The dataset consists of extracts from interviews that were conducted in Arabic with Syrian people, which were transcribed using Jefferson (2004) notation, transliterated, and translated. Identity has often been approached by asking questions about it in interviews. However, speakers sometimes reject, resist or modify category membership because of the sensitive inferential and interactional issues invoked. This article aims to provide a systematic analysis of category-eliciting question–answer (Q-A) sequences from a large corpus of Syrian interview data concerning several identities. Using conversation and membership categorisation analysis, four Q-A sequences are identified: minimal confirmation of questions seeking the hearably demographic fact of membership; modifying membership claims in response to factual-type questions by rejecting some not other category-bound attributes; characterising membership as fact and nominating an alternative identity in response to questions about feelings; and, in response to questions seeking confirmation of a category implicated through the prior talk, warranting the denial of membership. The analysis therefore highlights a paradox: asking direct questions about category membership is used to generate talk about the topic of identity that would be difficult to collect otherwise, but this may in turn provide for a reluctance to self-identify, thus making identity a delicate business.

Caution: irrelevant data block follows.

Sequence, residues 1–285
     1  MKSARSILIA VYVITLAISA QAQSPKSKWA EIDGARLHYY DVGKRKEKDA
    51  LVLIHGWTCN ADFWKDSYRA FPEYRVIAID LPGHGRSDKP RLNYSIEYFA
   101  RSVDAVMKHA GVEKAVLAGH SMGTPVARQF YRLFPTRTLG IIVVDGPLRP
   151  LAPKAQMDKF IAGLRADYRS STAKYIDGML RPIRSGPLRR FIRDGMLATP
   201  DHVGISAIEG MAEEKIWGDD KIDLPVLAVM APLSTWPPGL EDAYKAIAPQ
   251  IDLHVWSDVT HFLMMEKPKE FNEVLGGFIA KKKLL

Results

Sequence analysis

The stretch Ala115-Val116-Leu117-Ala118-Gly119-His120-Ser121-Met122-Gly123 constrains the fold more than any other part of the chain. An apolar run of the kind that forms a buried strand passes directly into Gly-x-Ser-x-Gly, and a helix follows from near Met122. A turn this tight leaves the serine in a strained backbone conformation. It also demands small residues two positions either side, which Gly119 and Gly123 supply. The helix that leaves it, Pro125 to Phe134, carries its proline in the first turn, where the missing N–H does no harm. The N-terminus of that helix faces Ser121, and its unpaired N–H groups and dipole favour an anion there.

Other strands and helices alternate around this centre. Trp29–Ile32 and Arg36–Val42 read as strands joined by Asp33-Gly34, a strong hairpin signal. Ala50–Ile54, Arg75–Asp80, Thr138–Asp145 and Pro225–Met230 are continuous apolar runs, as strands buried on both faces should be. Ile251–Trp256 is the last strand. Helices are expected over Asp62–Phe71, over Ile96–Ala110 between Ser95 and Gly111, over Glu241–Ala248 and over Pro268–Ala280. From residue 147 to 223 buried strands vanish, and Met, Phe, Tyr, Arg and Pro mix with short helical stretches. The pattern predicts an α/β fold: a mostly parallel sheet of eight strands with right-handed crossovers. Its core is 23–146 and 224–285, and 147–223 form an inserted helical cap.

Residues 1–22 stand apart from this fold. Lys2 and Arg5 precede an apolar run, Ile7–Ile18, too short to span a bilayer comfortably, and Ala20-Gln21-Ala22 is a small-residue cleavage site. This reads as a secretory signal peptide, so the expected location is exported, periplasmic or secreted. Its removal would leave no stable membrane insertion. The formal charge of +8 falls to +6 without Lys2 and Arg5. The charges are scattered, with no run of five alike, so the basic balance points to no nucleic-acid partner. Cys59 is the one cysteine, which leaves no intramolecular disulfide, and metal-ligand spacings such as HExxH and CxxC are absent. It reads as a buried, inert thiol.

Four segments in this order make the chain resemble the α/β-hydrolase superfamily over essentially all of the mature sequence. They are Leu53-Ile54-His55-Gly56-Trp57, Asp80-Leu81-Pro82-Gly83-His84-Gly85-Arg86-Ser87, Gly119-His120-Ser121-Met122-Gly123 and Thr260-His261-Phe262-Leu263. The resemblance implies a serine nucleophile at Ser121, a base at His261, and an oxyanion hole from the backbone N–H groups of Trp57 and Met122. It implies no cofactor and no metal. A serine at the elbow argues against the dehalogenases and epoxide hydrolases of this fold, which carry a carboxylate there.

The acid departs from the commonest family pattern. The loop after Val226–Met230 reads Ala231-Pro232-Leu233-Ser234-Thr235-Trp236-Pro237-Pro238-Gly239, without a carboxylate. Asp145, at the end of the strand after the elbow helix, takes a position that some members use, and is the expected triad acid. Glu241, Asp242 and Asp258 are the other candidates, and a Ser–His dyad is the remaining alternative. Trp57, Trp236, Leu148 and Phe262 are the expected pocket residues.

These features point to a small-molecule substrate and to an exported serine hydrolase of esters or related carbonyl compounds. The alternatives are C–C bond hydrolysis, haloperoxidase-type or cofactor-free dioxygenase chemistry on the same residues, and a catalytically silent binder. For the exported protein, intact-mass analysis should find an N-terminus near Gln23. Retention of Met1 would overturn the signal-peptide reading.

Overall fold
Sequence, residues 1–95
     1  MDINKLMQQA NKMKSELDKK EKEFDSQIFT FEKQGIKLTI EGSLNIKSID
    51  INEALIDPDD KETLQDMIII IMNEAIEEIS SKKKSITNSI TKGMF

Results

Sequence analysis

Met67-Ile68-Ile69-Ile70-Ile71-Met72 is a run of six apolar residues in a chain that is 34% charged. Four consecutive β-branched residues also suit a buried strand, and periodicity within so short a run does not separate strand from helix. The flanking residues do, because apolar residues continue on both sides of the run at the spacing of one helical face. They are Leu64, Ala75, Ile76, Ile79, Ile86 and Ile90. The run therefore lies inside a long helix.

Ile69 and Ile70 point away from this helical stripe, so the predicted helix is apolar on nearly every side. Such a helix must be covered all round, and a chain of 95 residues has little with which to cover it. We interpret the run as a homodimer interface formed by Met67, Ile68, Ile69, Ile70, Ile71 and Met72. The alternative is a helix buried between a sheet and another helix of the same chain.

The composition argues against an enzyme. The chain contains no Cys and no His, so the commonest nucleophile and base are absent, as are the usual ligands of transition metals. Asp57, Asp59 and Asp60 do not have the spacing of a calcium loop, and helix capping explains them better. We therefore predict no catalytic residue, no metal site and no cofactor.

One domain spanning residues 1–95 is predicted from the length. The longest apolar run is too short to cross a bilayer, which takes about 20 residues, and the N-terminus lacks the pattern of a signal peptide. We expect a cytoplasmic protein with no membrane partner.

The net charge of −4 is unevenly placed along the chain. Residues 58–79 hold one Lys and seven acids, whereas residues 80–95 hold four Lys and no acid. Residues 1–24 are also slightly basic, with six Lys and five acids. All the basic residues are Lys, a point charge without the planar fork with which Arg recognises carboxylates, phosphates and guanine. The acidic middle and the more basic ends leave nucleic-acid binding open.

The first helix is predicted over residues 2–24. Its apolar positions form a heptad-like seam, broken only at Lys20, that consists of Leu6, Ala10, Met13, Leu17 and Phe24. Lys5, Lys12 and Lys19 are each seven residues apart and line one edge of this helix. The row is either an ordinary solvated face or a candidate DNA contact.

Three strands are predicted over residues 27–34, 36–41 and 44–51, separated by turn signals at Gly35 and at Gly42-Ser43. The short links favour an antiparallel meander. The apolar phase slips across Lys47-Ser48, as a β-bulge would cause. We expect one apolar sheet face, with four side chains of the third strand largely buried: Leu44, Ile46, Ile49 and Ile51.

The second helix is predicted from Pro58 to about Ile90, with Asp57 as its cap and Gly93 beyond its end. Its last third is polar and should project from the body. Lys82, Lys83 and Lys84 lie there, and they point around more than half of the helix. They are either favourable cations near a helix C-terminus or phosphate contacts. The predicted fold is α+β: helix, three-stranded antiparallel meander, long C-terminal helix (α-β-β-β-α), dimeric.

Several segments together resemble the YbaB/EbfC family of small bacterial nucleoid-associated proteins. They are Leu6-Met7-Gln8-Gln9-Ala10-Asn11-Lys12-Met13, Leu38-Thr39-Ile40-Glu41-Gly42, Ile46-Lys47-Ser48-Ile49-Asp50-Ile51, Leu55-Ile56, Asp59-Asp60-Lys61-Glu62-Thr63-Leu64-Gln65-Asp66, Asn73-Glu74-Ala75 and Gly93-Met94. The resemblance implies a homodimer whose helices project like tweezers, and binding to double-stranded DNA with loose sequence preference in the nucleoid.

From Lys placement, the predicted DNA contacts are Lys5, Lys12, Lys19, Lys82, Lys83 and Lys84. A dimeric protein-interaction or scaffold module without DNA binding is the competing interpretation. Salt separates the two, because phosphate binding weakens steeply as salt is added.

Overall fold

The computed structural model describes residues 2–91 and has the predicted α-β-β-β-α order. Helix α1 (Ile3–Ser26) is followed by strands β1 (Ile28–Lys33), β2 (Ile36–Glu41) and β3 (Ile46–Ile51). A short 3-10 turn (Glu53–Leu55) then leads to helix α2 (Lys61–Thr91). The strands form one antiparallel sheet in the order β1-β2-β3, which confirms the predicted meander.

The paper, entitled The Delicate Business of Identity is due to be published in Discourse Studies in August.
Widdicombe, Sue. (2017). The Delicate Business of Identity full transcripts, [dataset]. http://dx.doi.org/10.7488/ds/2045.